Six Al-Qaeda militants who attacked a Saudi border point with Yemen last week killing five security officers on both sides were all Saudi nationals, the Saudi interior ministry said Tuesday.
Five of the gunmen were killed in the confrontation with security forces, including two who blew themselves up, while a sixth was wounded and arrested.
The ministry named the culprits, saying they were "all wanted Saudis" who were identified through DNA tests and that four of the gunmen had done time in jail, according to a statement carried by SPA state news agency.
The ministry had said that the militants attacked the Wadia border post in the south of the kingdom on Friday, an operation claimed by Al-Qaeda in the Arabian Peninsula.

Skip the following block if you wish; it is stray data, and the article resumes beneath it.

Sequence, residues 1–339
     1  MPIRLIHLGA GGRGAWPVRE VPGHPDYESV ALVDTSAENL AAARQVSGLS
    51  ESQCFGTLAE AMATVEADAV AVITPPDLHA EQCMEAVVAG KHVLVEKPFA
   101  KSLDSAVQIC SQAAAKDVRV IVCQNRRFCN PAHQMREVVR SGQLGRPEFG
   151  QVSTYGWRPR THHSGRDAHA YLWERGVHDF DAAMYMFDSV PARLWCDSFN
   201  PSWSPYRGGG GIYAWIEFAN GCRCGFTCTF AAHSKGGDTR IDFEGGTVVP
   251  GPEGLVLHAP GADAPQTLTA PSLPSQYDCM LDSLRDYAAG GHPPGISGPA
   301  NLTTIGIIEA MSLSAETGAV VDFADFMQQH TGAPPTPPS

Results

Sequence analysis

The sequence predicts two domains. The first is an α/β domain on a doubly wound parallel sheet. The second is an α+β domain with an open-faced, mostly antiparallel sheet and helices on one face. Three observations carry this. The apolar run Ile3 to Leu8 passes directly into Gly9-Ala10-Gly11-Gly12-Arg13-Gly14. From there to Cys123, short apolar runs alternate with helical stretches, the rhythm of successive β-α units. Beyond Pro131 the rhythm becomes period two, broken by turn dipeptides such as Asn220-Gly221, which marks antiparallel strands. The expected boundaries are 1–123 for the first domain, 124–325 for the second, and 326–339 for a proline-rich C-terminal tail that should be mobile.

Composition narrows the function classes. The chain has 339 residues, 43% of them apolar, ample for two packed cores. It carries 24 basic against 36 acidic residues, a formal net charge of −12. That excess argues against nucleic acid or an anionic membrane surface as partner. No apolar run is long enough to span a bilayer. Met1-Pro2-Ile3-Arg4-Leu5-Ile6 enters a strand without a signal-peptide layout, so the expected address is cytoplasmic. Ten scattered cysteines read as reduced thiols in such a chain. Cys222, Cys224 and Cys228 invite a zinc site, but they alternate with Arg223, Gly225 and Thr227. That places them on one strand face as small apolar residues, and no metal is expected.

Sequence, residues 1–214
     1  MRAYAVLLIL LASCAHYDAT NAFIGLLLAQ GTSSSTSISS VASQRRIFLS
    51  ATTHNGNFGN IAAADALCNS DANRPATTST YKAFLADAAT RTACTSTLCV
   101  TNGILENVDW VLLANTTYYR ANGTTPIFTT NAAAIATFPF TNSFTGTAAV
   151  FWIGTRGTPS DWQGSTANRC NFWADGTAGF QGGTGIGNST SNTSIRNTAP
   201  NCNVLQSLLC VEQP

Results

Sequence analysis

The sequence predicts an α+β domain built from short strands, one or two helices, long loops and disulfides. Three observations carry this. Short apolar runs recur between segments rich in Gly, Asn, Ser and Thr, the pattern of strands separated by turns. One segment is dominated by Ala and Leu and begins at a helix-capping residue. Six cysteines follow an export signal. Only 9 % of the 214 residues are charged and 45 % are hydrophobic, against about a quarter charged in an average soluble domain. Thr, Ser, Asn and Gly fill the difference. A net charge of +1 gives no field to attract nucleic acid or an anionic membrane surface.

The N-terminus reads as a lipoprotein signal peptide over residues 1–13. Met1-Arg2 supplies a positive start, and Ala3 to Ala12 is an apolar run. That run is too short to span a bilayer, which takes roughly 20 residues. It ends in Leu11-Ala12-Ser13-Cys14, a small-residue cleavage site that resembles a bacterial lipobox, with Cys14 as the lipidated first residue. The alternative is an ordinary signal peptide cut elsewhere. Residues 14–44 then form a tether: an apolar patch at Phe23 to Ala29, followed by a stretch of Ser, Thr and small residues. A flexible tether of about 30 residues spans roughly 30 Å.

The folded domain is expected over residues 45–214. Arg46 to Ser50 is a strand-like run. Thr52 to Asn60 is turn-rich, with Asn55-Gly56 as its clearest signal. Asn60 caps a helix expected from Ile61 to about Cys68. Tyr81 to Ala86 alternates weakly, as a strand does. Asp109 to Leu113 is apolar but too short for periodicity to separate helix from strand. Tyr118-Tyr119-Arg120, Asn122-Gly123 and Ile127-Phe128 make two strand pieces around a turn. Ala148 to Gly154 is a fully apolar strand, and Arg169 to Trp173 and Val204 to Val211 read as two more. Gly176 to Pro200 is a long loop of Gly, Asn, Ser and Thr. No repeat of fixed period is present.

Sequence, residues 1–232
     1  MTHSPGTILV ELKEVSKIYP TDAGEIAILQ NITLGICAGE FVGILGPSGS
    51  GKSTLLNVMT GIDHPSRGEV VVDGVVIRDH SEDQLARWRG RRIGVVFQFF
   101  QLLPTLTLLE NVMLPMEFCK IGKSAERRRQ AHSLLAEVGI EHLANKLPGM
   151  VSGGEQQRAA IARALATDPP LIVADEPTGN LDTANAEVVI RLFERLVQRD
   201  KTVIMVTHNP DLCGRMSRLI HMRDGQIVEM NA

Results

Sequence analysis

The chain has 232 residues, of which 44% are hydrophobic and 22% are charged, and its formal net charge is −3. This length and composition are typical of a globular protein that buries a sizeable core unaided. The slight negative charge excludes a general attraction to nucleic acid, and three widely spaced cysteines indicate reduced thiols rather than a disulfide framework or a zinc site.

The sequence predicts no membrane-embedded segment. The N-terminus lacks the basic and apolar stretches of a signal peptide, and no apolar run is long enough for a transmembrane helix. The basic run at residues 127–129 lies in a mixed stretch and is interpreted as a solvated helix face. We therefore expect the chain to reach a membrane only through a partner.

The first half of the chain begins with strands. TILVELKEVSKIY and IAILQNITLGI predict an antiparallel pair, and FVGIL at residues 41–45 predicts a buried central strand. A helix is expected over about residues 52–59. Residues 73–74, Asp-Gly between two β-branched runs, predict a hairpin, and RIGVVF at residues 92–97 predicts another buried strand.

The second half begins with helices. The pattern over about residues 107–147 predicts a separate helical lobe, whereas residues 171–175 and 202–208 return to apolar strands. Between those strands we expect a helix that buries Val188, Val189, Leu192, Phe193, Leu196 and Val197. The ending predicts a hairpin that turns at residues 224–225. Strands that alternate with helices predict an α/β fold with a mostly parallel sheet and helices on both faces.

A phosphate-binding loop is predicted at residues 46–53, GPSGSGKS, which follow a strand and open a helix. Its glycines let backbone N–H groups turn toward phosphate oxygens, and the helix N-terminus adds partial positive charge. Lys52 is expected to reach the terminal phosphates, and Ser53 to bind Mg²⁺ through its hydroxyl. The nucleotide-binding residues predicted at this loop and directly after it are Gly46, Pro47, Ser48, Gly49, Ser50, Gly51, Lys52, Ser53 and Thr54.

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The crossing is in Yemen's southeastern province of Hadramawt, whose rugged terrain provides hideouts for AQAP militants.
AQAP, born in 2009 of a fusion of the Saudi and Yemeni branches of Al-Qaeda, is considered by Washington to be the jihadist network's most dangerous affiliate.
To counter illegal crossings and arms smuggling, Saudi Arabia is building a three-metre (10-foot) high fence along its southern frontier.
Taking advantage of a collapse of central authority during a 2011 uprising that forced Yemen's veteran strongman Ali Abdullah Saleh from power, Al-Qaeda seized swathes of the country's south and east.
Saudi Arabia launched a massive crackdown on Al-Qaeda following a spate of deadly attacks in the kingdom from 2003-2006.